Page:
FAYETTEVILLE, N.C. (WNCN) — CBS 17 is getting answers from Fort Bragg officials after high levels of carbon monoxide were found in two homes this month.
Fort Bragg officials say the problem has been fixed and the homes are safe.
Thursday afternoon, officials showed CBS 17 the precautions they took for homes in the Pope neighborhood.
“We removed the (laundry) door,” Public Affairs Officer Tom McCollum said. “It may sound like a very simple, easy fix but it’s extremely effective.”
McCollum says two homes with elevated levels of carbon monoxide had similar situations.
The air vents were blocked or dirty, the laundry room door was shut, laundry was running and the hot water tank was being used at the same time.
Testing was done at the homes, and they determined the solution was to take the laundry doors off of 88 similar homes to open up the airflow.
“A condition like this can happen in anyone’s home, so this is a lesson that goes well beyond Ft. Bragg,” McCollum said, adding that everyone should make sure their air filters are clean and that air intake ducts are open.
McCollum says the carbon monoxide detectors indicated higher levels in the two homes.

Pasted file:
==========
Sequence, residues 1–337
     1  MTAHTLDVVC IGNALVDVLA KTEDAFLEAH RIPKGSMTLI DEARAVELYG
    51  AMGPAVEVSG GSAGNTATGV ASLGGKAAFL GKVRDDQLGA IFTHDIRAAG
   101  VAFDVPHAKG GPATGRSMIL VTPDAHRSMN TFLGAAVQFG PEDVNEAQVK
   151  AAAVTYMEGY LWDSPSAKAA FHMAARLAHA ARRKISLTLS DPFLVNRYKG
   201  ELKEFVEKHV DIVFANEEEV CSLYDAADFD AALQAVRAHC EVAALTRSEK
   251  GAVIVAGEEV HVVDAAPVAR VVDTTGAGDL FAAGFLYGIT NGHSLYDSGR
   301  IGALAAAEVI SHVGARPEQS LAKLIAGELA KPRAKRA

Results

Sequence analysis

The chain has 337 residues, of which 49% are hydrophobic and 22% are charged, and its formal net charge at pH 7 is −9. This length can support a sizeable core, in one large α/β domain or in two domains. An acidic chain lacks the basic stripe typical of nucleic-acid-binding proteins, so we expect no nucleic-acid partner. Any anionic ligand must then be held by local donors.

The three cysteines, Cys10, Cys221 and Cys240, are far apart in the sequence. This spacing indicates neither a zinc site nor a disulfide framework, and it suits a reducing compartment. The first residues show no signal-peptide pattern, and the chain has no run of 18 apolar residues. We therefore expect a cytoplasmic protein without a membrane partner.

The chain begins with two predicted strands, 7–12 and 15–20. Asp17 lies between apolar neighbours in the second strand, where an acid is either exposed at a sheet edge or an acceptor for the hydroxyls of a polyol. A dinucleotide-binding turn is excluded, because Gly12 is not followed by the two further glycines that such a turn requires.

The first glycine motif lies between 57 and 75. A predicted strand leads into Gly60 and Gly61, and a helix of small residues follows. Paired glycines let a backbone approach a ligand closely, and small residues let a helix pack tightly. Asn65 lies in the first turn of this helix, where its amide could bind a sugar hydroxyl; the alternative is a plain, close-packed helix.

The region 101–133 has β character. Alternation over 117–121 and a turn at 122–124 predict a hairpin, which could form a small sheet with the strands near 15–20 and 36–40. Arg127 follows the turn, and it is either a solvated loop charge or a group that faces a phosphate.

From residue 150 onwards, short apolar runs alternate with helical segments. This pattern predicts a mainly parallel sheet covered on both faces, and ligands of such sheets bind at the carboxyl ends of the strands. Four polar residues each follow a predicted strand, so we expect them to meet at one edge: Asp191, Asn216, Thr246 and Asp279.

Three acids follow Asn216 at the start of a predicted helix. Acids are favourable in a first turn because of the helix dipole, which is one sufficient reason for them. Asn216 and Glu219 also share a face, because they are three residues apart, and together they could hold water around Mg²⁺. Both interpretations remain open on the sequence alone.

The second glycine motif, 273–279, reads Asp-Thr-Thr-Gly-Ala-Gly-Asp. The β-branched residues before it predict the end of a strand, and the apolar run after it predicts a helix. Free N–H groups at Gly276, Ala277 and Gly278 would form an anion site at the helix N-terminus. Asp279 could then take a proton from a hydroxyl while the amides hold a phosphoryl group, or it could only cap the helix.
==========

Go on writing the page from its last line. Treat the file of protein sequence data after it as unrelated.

After these incidents, officials also checked the detectors in the homes.
“Carbon monoxide detectors are maintained by the residents for changing batteries, but also Corvias is ultimately responsible for the operation.”
McCollum says one family was relocated.
“No one was hospitalized, one family went to Womack because of the symptoms, but they were released that same night.”
Residents have reported issues with on-post housing recently, including problems with mold and air quality.
Officials have created a plan to address those issues and complete maintenance requests faster.
Some public comments on Facebook blame housing management company Corvias and Fort Bragg officials for the problems and say “these families could have died.”
“A lot of people have the perception that we really don’t care, but that is about as far from the truth as possible,” McCollum said. “They signed the contract to defend this country, and it’s our duty and responsibility to take care of them and their families.”
If Fort Bragg residents have concerns with their homes, they’re asked to submit maintenance requests and contact Corvias.
Corvias has not provided any additional comment.
The HVAC units in the homes have not been replaced as the original release said.
- Mother welcomes son just in time for the holidays after surviving tragic explosion
- Charleston residents could face possible tax increase as the city faces an $18M budget shortfall
- Deputies investigating Tuesday night shooting in McClellanville
- 128 people sick after eating sushi from Harris Teeter
- Hackers steal nearly $60k from Boys and Girls Club of Cleveland County